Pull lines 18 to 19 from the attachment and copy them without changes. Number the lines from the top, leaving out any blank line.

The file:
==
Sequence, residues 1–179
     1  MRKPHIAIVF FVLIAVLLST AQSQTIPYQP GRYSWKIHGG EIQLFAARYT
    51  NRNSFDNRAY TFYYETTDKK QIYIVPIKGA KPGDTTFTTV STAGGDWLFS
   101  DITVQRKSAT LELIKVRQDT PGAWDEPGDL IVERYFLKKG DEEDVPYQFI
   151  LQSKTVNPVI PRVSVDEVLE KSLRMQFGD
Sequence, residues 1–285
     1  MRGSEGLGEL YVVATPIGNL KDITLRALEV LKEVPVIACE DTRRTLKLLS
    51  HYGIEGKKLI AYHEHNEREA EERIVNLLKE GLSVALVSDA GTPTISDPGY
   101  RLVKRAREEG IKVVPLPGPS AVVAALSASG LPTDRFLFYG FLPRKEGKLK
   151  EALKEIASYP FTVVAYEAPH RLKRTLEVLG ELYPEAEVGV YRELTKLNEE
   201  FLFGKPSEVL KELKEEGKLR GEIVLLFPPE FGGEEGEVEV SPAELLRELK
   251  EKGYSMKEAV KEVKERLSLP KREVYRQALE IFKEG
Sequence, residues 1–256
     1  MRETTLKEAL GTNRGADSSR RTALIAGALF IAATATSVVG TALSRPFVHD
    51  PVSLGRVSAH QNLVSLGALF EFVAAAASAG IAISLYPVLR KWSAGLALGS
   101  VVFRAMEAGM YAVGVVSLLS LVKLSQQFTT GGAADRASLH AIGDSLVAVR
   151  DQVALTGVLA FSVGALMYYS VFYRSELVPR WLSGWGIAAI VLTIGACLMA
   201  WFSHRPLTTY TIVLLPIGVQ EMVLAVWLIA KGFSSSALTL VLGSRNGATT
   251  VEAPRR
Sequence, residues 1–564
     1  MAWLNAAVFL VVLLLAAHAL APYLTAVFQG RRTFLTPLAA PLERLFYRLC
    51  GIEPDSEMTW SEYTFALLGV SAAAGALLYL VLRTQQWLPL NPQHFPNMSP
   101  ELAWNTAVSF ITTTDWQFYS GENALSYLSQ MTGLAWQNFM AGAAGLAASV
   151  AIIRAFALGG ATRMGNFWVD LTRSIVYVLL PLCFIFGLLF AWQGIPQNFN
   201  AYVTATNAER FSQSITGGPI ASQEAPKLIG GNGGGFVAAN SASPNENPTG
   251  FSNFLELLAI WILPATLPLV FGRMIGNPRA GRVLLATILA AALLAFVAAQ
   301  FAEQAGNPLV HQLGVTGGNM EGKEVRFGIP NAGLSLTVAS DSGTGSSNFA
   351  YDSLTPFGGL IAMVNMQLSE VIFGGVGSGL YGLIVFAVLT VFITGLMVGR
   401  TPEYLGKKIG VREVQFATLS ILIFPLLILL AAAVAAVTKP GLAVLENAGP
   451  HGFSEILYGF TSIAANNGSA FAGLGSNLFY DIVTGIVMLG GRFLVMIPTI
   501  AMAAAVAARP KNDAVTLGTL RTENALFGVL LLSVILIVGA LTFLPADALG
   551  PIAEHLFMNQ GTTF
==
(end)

   201  WFSHRPLTTY TIVLLPIGVQ EMVLAVWLIA KGFSSSALTL VLGSRNGATT
   251  VEAPRR